Needless to say, it was a challenge getting 15 sculptors to follow the computer model that featured more than 200 drawings and 450 sheets of drafting, McDowell notes. He admits this made the production “extremely hard to budget.”
Wherever possible, the crew creatively trimmed the final tab. One example: Building high sets and adding $25,000 worth of scenery saved $75,000 in visual effects by removing nearly all the matte-painting composites and set extensions from certain sequences. “In a way,” he says, “it’s reverse of what’s happening a lot in films, which is you automatically build the set as small as possible and assume set extension.”
The customization was certainly sneaky in the way it drove up production costs, Hammond observes. For example, special knives were used to cut the extra-thick wood stock used for molding. “What we’re trying to do is ambitious,” he says, noting that construction alone was about $10 million. “It’s a lot of money, but we built a lot of stuff.”
There were plenty of discussions about what could be feasibly built, reports Arbegast. “When we started, I had no idea how we were going to build this,” he admits, crediting his crew with playing a key role behind the scenes. “We pride ourselves on problem-solving, quality finish and holding true to the design.” Work on the house featured many moments of trial and error, followed by successful execution.
Best and brightest
Collaboration, as one might suspect, was paramount on this feature. “Across the board,” McDowell reports, “it has been a really good process.” Costume designer Rita Ryack’s creations match fabric used on the set, adding topspin to certain jokes (McDowell recalls a TV salesman’s shirt coming into play, as well as more than 50 people from the small town wearing the same palette).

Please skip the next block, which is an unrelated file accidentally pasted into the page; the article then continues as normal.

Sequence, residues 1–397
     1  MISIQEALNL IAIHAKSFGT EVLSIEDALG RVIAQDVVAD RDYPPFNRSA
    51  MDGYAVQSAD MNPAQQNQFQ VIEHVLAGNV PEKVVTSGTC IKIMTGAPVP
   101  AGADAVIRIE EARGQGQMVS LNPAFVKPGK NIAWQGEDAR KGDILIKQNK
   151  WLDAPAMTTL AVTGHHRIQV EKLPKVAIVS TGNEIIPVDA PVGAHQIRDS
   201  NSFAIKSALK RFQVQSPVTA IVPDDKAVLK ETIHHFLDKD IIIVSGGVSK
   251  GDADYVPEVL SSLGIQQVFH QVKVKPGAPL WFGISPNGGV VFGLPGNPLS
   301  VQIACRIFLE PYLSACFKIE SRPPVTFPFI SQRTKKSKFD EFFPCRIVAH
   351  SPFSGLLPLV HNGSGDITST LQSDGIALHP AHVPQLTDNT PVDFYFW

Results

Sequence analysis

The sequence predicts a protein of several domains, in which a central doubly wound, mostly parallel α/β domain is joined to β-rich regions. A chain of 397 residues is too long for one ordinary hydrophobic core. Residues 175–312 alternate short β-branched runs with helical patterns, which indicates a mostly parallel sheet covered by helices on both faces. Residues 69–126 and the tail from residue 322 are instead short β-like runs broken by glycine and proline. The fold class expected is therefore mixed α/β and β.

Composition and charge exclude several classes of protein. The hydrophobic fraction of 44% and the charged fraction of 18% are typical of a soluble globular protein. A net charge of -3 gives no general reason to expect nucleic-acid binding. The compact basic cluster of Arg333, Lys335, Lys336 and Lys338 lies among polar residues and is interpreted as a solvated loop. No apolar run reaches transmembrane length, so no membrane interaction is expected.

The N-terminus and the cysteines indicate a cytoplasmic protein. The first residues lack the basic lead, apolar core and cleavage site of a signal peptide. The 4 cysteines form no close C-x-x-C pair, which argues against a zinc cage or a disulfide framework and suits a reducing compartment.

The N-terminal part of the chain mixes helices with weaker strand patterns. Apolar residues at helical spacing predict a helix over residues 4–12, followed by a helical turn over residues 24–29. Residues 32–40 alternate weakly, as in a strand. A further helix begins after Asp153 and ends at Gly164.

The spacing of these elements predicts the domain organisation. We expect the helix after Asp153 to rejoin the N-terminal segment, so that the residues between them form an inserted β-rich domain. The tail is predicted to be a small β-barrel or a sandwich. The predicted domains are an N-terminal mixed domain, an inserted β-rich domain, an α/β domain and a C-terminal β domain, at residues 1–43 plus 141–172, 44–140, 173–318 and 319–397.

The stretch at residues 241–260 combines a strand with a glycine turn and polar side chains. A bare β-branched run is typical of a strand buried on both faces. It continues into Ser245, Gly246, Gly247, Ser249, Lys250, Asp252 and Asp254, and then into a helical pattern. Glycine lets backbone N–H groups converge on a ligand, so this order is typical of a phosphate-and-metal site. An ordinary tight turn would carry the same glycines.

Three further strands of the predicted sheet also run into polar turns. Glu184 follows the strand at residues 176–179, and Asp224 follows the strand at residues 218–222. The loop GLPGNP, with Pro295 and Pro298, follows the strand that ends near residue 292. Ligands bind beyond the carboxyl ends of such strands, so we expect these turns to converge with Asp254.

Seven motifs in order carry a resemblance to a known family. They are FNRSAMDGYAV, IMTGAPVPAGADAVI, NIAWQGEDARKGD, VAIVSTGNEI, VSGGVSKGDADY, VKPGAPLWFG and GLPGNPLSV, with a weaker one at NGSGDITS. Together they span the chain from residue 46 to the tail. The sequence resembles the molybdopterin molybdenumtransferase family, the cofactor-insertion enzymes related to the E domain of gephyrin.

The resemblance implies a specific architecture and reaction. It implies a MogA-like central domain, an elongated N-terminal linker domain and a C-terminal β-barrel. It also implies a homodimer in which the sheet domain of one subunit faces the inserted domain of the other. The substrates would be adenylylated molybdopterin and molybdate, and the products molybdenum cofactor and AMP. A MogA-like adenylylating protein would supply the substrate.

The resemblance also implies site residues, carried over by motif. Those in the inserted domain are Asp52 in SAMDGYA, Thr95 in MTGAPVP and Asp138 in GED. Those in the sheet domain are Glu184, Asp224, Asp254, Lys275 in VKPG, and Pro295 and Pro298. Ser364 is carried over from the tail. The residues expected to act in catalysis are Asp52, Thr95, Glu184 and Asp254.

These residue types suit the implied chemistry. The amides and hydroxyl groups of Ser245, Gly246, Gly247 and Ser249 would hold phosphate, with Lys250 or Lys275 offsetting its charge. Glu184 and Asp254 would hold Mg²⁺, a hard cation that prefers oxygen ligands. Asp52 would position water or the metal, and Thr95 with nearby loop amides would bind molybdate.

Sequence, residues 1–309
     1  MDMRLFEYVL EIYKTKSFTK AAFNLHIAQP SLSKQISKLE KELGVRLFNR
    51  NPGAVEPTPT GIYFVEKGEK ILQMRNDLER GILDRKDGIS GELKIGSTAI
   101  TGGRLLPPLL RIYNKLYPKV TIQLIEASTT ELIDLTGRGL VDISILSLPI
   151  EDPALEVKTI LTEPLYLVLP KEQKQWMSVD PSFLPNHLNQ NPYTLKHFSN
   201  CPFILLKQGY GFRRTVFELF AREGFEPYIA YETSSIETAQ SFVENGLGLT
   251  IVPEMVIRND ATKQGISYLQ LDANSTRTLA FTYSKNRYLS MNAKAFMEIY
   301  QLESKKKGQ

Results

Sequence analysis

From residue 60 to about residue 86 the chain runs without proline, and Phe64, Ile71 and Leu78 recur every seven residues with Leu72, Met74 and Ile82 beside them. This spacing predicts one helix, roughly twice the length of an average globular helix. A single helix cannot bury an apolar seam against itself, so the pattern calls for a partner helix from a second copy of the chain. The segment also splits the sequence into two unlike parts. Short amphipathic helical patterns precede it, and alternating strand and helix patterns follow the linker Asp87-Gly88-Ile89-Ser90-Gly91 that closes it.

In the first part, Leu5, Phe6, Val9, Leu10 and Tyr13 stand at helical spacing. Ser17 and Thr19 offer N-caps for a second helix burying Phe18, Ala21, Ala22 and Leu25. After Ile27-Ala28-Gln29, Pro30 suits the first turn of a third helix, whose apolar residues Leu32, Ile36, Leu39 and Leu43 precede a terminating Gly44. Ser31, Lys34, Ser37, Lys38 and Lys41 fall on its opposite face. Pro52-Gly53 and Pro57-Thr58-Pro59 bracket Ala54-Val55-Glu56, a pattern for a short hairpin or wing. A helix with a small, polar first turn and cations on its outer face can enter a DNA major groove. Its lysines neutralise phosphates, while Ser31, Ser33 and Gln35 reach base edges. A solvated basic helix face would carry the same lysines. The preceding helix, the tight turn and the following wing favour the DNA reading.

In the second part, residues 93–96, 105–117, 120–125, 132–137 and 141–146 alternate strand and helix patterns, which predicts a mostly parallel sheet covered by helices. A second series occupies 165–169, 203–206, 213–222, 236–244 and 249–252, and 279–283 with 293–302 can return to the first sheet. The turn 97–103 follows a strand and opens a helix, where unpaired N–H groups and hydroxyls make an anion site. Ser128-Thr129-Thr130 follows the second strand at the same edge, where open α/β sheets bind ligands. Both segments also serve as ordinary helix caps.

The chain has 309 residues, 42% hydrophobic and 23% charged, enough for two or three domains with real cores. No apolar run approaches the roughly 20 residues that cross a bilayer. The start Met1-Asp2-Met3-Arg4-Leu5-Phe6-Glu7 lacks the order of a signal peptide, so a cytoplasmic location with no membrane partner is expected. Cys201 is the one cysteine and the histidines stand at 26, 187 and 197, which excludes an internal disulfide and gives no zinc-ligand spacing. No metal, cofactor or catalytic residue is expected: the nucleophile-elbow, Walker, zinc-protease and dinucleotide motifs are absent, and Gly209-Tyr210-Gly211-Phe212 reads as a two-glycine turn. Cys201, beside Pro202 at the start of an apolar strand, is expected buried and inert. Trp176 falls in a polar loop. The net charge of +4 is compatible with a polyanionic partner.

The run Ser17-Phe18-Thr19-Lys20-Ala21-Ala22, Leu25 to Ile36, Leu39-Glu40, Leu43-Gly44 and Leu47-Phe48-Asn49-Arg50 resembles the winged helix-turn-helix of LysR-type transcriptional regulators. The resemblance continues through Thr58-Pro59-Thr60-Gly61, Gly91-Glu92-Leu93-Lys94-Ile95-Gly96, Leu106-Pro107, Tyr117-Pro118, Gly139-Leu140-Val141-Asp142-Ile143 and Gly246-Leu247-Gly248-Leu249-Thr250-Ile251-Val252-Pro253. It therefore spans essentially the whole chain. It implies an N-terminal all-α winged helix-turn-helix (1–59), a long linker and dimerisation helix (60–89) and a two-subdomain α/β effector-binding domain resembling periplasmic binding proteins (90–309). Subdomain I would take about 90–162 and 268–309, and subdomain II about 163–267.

The way sets were lit, there was literally no place to hide for dirt and grime (forget shadows). This forced cinematographer Emmanuel Lubezki to focus on precision and perfection, according to McDowell. High-gloss paint used for the ceilings shows every imperfection and is quite unforgiving, Hammond adds.
While other projects carry with them worries about aging and period detail, “The Cat in the Hat” required attention to detail on what Kuljian calls “a cleanness, crispness and simplicity so that every single thing had to be perfect in its own ramp.” That meant a simple lamp on a table featuring a few other items had to be the correct color, size and shape, plus the balance had to work. “There was a lot of pressure in the beginning to dress the set with the correct item,” she mentions.
The industry’s best and brightest put their brain and brawn to the test on this project. “The construction guys, painters and sculptors on this movie are excellent,” Hammond says. “An old friend of mine who’s a costume designer once said, ‘your clothes are only as good as the people who make them.’ And actually it’s the same thing with these sets.”
Hammond worked for Cat director Bo Welch when he was a production designer. “He’s extremely visual and a brilliant designer. He clearly understands what a set needs to do in order to function as part of the machinery of the movie,” he enthuses.
McDowell characterizes his pre-Cat work as mostly grungy. “This is a kid’s project, and everything else I’ve done has been grown up,” he explains. “I’m finally on a film I can get my daughter to go see.”
Story by Bruce Shutan
Photos by Rich Schmidt
Set photos by Melinda Sue Gordon